Mercury’s Ready For Its Close-Up, Mr. MESSENGER

by Jason Major on May 15, 2014

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One of the highest-resolution images of Mercury's surface ever acquired.

One of the highest-resolution images of Mercury’s surface ever acquired.

Are you ready for a good close look at Mercury? At an incredible 5 meters per pixel, this is one of the highest-resolution images of Mercury’s surface ever captured. It was acquired on March 15 with the MESSENGER spacecraft’s MDIS (Mercury Dual Imaging System) instrument and shows an 8.3-km (5.2-mile) -wide section of Mercury’s north polar region, speckled with small craters and softly rolling hills.

Because MESSENGER was moving so quickly relative to the targeted area it was imaging, a short exposure time was necessary to avoid blurring. As a result the image appears a bit grainy. See the original map projection here.

Wondering what the next-best image was of Mercury? Find out below:

The previous record for most extreme close-up of Mercury was held by this image:

7 meter/pixel targeted observation of Mercury by the MESSENGER spacecraft

7 meter/pixel targeted observation of Mercury by the MESSENGER spacecraft

It was acquired as a targeted observation by MESSENGER’s Narrow-Angle Camera on April 30, 2012, and has a resolution of 7 meters/pixel. It shows an impact melt-covered area about 11 km (7 miles) across near Gaugin crater.

(Although Mercury’s surface may at first appear strikingly similar to the Moon’s, it’s been known since the Mariner 10 mission that the two worlds are very different at fundamental geologic and compositional levels. Read more on that here.)

Images like these are extremely special; during the first two years of MESSENGER’s mission in orbit around Mercury, over 150,000 images were acquired but only five images had resolutions better than 10 meters per pixel.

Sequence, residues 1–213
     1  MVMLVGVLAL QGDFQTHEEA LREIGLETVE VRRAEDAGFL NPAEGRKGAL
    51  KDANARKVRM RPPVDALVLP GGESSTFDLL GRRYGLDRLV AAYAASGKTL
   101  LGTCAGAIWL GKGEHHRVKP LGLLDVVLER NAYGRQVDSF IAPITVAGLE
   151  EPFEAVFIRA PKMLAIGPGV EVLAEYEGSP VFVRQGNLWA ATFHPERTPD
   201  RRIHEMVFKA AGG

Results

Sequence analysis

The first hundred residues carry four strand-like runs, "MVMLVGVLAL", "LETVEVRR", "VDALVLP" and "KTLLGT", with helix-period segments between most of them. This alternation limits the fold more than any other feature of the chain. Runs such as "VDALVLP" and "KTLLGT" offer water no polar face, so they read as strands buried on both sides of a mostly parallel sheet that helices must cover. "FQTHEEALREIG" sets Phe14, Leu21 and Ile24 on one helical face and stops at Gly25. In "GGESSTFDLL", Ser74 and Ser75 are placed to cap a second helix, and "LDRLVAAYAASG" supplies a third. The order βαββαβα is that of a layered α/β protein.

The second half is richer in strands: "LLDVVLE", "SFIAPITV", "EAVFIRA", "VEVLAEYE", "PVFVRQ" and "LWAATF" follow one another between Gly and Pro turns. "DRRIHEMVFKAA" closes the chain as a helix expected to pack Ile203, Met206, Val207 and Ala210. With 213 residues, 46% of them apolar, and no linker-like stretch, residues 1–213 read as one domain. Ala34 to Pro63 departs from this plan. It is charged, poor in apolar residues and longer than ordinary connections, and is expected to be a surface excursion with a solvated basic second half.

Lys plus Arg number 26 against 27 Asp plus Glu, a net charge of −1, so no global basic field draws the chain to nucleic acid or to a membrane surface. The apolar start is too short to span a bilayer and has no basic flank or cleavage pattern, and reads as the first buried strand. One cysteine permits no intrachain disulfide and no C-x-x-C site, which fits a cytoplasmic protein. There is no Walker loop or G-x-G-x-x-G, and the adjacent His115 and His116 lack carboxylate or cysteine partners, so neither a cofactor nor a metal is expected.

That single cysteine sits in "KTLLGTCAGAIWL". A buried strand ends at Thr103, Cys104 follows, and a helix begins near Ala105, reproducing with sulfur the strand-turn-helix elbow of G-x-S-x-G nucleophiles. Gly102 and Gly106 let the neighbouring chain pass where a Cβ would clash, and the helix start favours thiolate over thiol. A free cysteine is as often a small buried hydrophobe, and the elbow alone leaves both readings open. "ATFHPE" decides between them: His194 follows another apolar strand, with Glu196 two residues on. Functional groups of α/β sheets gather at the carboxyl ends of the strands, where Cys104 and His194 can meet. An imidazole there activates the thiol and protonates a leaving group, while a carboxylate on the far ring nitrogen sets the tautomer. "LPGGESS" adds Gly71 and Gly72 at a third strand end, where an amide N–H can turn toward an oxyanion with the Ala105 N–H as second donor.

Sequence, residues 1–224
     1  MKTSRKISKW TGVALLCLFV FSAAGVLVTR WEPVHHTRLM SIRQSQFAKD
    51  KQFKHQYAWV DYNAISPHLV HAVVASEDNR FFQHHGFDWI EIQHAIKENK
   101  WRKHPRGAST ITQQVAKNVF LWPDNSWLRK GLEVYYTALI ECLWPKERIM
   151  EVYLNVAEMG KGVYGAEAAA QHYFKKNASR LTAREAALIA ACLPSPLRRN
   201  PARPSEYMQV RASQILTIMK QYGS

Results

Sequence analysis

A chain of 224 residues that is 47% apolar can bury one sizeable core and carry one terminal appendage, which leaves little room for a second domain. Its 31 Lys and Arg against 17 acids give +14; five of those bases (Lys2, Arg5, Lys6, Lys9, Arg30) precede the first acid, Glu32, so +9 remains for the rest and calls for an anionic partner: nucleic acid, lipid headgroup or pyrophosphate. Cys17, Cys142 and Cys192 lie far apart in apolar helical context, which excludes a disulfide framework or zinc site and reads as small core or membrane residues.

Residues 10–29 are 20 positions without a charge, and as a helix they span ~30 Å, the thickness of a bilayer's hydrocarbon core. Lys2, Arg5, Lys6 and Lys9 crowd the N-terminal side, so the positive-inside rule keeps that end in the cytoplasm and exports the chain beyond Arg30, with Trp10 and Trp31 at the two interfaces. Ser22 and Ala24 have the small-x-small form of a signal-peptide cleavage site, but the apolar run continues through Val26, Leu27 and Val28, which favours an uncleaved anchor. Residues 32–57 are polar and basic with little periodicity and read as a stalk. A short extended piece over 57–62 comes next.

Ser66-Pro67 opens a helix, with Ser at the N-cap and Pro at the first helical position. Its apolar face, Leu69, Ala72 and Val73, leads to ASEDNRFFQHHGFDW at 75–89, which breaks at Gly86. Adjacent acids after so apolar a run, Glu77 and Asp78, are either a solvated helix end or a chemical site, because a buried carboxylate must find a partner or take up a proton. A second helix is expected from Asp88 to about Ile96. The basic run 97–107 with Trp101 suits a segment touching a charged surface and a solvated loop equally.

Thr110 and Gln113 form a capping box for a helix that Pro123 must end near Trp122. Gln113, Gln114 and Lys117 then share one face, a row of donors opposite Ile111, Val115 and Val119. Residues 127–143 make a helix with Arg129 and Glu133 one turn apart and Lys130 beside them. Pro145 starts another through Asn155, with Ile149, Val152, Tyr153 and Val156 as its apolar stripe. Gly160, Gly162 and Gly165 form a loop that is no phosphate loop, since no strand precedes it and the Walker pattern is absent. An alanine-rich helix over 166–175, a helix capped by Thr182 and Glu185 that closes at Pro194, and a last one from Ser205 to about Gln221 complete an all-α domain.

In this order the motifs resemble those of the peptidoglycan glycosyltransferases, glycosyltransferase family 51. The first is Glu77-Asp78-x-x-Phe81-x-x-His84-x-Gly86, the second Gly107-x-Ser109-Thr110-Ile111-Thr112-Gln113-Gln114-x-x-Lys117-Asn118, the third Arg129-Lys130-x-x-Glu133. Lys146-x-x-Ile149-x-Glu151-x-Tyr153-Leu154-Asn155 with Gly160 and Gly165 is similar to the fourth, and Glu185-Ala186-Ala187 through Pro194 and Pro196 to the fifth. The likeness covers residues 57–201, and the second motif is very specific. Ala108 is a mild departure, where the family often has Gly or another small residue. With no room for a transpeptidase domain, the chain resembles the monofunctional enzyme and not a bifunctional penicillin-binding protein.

Artist's impression of MESSENGER orbiting Mercury

Artist’s impression of MESSENGER orbiting Mercury

On April 20, 2014, MESSENGER completed its 3,000th orbit of Mercury (3,075 to date) and is steadily moving into an even lower-altitude orbit. MESSENGER now comes within less than 200 km (124 miles) of the planet’s surface when it passes over its north pole every eight hours… that’s less than half the altitude of the Space Station!

Orbiting at such a low altitude and so often will allow MESSENGER to examine Mercury’s surface in unprecedented detail. Now that 100% of the planet has been successfully mapped by MESSENGER it can spend its second — and last — extended mission investigating specific scientific targets.

Watch: A Tribute to MESSENGER 

“The final year of MESSENGER’s orbital operations will be an entirely new mission,” said Sean Solomon, Principal Investigator for MESSENGER. “With each orbit, our images, our surface compositional measurements, and our observations of the planet’s magnetic and gravity fields will be higher in resolution than ever before. We will be able to characterize Mercury’s near-surface particle environment for the first time. Mercury has stubbornly held on to many of its secrets, but many will at last be revealed.”

Read more in a recent news release from the MESSENGER team here.

Want to explore a high-res map of Mercury and see where MESSENGER is right now? Click here.

Image credits: NASA/Johns Hopkins University Applied Physics Laboratory/Carnegie Institution of Washington

About 

A graphic designer in Rhode Island, Jason writes about space exploration on his blog Lights In The Dark, Discovery News, and, of course, here on Universe Today. Ad astra!

Brian Sheen May 16, 2014 at 3:18 AM

At first sight the craters look smaller than those on the Moon. Is this real or a result of image selection?

Jason Major May 16, 2014 at 9:28 AM

The Moon also has craters of all sizes. See this recent LRO image showing craters inside a crater: http://lroc.sese.asu.edu/posts/516 and this one shows an area about half the width of the one above, also with plenty of small craters: http://lroc.sese.asu.edu/posts/732. Craters all the way down.

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